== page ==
Vincent MacKenna is the combustible cinematic fusion of every lovable slob Bill Murray has played over the past four decades.
Aged 60-plus years in life’s whiskey barrel, his latest film character has been fermented with bad breaks and hard living, ultimately reduced to the type of hopeless but helpless deadbeat you couldn’t stand to look at more than five seconds in real life, but also the intriguing human track wreck you can’t peel your eyes from while he’s self-destructing upon the big screen.
On the surface, there’s nothing we like let alone admire about this horrible man who lives alone in a lower-middle class neighborhood of Brooklyn, except for a pampered pet cat named Felix, who receives constant royal treatment. Vincent is repulsive. He’s loathsome. He hates people, and everyone hates him back.
He’s rude. He’s classless. He commits petty thefts. He frequently drinks to excess. He curses. He chain smokes. He gambles money he doesn’t have. He goes off to strip clubs. He regularly uses the services of a hooker. He doesn’t have a job nor any means of support. He owes money all over town. And, he appears to have not showed in months. All that’s missing are lines of cocaine, and Vincent would probably be doing that too, if he could afford it. Other than those shortcomings, he’s a real catch.
Desperate for money, Vincent agrees to watch a young boy after school who just moved into the house next door with his single mother, who is in the midst of a bitter divorce and custody dispute. Oliver, the undersized boy suddenly lacking a father figure, is played by to perfection by newcomer to the screen, Jaeden Lieberher. Just as solid in her role is stand-up comedian/actor Melissa McCarthy, this time in a far more serious role playing the sympathetic mother, who is every bit the equal of Murray when she’s onscreen. That’s no small feat to pull off, since this is Murray’s vehicle from start to finish, and he’s clearly in the driver’s seat. Murray’s performance seems a lock for a “Best Actor” nomination at next year’s Oscars.
Street-smart Vincent tutors Oliver on life’s practical necessities — like learning how to fistfight, making various types of exotic wagers at the racetrack, how to sit at a bar and order a straight bourbon, and let’s just say “other” hedonistic pursuits. Naturally, Vincent’s aloof attitude and self-centeredness combined with his scandalous personal habits become the movie’s focal point, pitting the weirdest babysitter in human history against everyone else in the film — from the mother to his bookie.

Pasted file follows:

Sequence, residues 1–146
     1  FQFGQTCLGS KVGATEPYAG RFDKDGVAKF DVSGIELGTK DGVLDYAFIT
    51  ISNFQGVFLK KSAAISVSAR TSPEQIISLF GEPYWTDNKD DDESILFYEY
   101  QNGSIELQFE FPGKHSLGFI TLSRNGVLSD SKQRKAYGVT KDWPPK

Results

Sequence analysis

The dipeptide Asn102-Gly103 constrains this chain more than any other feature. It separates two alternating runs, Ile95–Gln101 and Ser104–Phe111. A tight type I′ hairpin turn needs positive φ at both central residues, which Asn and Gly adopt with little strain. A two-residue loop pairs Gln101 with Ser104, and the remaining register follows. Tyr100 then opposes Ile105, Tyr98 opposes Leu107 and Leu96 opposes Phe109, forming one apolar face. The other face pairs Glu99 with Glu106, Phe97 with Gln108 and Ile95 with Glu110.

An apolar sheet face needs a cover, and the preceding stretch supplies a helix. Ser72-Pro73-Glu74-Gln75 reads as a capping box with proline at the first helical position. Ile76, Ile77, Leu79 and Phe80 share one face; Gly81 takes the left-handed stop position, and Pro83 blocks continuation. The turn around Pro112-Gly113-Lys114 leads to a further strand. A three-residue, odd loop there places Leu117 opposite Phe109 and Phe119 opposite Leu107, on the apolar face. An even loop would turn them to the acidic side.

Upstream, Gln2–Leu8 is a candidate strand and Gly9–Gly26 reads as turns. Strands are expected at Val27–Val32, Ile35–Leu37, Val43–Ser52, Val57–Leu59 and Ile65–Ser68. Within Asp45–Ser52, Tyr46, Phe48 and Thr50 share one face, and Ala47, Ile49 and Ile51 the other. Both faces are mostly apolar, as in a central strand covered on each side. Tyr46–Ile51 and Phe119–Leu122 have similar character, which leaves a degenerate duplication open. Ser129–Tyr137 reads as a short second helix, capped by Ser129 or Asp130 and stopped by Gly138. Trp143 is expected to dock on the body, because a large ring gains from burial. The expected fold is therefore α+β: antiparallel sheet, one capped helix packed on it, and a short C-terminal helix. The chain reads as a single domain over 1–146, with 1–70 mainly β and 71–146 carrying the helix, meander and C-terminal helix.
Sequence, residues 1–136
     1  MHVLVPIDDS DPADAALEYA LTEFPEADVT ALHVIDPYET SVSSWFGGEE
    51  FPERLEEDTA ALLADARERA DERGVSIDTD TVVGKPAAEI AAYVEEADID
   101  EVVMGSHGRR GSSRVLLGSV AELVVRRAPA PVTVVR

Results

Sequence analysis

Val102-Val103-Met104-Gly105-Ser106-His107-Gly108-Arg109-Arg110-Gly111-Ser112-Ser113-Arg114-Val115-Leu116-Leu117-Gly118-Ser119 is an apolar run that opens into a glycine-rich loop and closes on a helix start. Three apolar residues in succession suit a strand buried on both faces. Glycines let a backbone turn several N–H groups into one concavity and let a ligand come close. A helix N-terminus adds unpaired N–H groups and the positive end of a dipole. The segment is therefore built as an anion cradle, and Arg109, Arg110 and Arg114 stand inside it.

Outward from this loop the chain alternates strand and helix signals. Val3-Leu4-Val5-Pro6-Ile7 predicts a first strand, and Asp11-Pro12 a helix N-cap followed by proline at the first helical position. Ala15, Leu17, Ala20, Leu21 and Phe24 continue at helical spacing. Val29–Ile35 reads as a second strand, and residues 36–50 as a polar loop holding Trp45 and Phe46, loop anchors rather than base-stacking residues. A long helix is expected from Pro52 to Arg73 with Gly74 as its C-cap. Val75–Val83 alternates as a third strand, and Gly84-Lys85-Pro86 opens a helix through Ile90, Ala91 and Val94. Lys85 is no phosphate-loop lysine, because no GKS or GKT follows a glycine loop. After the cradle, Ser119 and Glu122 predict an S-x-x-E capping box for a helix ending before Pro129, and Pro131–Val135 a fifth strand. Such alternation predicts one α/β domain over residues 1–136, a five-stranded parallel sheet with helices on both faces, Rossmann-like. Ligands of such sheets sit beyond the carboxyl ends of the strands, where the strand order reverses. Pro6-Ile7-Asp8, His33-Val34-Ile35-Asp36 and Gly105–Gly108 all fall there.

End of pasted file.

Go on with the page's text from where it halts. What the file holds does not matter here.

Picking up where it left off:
But along the way, we discover some things about Vincent we didn’t expect. Moreover, as this odd couple begin spending more time together — Vincent the moocher and Oliver the Catholic schoolboy — an emotional bond forms. Vincent teaches Oliver a few things. But in turn it’s really Vincent who needs this relationship more.
Written and directed by Theodore Melfi, everyone in the audience sees where “St. Vincent” is headed. It’s obvious about midway through the film. What starts off as a curmudgeon-centered comedy gradually evolves into a far more serious movie that’s heartwarming, and even emotionally stirring, at times. Some minor credibility lapses and predictability can be forgiven however, since the performances by everyone are so strong. We end up rooting for each character, who has very different needs, in their own way.
Without giving away too much of the plot or ending, when the credits roll at the conclusion of the film, Murray is seen sitting outside alone in his back yard, singing badly off-key to Bob Dylan’s acoustical classic “Shelter From the Storm.”
There’s a certain poignancy to this final moment. Watching Murray as Vincent light up yet another smoke, watering a dead plant starved from neglect becomes oddly mesmerizing. Dead plants need love, too. And there’s no deader soul in this movie than St. Vincent. Oblivious to anything that goes on outside of his chain-link fence, the closing scene seals our affection because it reveals something we don’t expect to find in a man so horribly flawed.
That revelation is contentment and inner peace.
RATING: 4 stars out of 5